One of the easiest ways to enforce a child support order is by issuing a wage garnishment also known as a wage assignment. In California the law allows for the garnishment of wages for payment of child support. But what exactly is wage garnishment, and how does the process work?
What is wage garnishment?
Wage garnishment is the process of collecting a judgment against a support obligor by ordering a third party (like an employer) to pay the money directly to the supported party, from the obligor’s paycheck. In other words, if someone fails to make their child support payments, the state has the right to garnish that person’s wages through their employer, or through other means.
The California Department of Child Support Services sets forth various types of earnings that are considered income to be used toward child support payments. They include:
- Wages, salary, tips, bonuses, vacation pay, retirement pay, regular overtime, and commissions.
- Payments due for services of independent contractors, interest, dividends, rents, royalties, residuals, patent rights, or mineral and other natural resource rights.
- Payments or credits due or becoming due as a result of written or oral contracts for services or sales whether denominated as wages, salary, commission, bonus, or otherwise.
- Payments due for workers’ compensation temporary disability benefits.
- Any other payments or credits due or becoming due, regardless of source.
If the garnished wages do not cover the entire amount that the obligator owes, the supported party may seek other ways of obtaining the unpaid support seizing property, such as cars, motorcycles, boats, houses, corporate stock, rents, and more.
The obligator is protected by law from being terminated over one wage garnishment order, even if the order is invoked numerous times. However, if one additional collector tries to garnish his or her wages, the employer has a right to fire them. Also, any employer in California who has discriminated against an employee or refuses to hire a job applicant because they are subject to a child support order may receive up to $500 in fines.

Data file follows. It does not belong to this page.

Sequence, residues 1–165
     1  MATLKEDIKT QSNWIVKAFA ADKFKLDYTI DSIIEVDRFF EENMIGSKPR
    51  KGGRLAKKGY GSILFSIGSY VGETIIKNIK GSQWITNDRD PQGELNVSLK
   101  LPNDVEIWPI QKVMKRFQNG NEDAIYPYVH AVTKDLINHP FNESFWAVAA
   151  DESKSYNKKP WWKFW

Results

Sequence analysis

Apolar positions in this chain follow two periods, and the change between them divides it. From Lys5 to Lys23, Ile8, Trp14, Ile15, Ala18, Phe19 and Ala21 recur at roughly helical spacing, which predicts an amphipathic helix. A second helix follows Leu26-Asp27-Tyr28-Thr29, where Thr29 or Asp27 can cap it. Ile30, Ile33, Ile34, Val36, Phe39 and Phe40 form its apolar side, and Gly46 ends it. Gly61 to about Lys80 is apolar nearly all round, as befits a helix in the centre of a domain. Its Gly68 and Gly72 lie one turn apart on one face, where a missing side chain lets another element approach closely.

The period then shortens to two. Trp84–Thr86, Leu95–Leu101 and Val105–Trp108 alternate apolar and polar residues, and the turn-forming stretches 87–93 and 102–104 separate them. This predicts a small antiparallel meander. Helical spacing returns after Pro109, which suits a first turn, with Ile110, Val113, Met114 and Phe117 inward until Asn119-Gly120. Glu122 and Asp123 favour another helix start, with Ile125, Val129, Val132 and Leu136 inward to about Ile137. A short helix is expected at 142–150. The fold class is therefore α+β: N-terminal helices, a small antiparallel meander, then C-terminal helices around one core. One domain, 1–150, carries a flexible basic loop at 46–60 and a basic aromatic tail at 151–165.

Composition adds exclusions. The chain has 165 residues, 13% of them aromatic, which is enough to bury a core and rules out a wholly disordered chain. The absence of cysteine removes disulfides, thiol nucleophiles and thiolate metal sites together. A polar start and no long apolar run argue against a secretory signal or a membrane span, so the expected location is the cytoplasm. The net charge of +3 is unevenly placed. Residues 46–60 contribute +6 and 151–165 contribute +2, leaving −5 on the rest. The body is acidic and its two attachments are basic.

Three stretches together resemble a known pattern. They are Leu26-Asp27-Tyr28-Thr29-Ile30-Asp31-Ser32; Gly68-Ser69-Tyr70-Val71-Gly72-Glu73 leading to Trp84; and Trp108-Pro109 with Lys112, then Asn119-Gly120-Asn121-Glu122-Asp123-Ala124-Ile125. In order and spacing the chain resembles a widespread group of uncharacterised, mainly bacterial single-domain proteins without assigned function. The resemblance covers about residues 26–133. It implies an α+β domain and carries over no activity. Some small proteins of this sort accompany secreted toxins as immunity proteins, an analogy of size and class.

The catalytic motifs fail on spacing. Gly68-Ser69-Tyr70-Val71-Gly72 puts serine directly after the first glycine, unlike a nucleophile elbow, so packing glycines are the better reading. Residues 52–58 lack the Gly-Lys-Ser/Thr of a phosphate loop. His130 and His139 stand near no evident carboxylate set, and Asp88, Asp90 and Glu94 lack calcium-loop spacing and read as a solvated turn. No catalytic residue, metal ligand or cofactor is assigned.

In addition, the obligator has a right to be notified in advance the amount that will be withheld, when the garnishment will begin, and how he or she can contest the order. If they wish to object to the garnishment order, they can request a hearing to determine the validity of the order. After the hearing, the state must notify the obligator and their employer of the final decision with 45 days. However, in most cases, you can only contest the order if you believe a mistake has been made regarding the amount or your identity.
An obligator may also apply to the court to request a lower garnishment if they can prove that they need the money being garnished to support themselves or their family, which is known as the “necessaries of life” exemption. This exemption includes things like shelter, food, clothing, and basic medical care.
Responsibilities of the Employer
What happens if the employer does not comply with the wage garnishment order?
Let’s say the obligator works for a small business, where the employee has a friendly relationship with their employer, and the employer feels that the withholding is just too much. Or, the employer simply “doesn’t want to get involved.”
Complying with a wage garnishment order is the law, and any employer who fails to comply will be liable for the outstanding amount, plus interest. The California Department of Child Support Services states, “Willful failure by an employer to comply with an assignment order is punishable as contempt.”
Once the employer is served with a wage assignment order, the employer has 10 days within which to start deducting money from the next paycheck of the support obligator. Failure to comply with a wage garnishment order, either by the obligator or the employer, carries serious consequences.
Exceptions to Wage Garnishment
Sometimes, wage garnishment is not an effective means of collecting outstanding child support payments. For example, sometimes the obligator is not employed, is self-employed, or does not maintain employment long enough for all of the garnishment orders to take effect. In these situations, there are various other methods of collecting back child support, like suspending the obligator’s driver’s license, garnishing federal tax refunds, levying bank accounts, or even contempt of court orders, which may result in fines or jail time.
After a divorce or dissolution, the well being of any children involved is the top priority. With California’s high cost of living, it can be difficult maintaining a decent standard of living with only one parent’s income. That’s why wage garnishment laws are so important and are designed to protect the best interests of the child. Otherwise, children may be at risk of becoming wards of the state, which often has many negative consequences for the child.
If you are owed past-due payments on support or you have a wage garnishment that has been filed against you, contact an attorney with Cage and Miles, LLP to discuss your options today.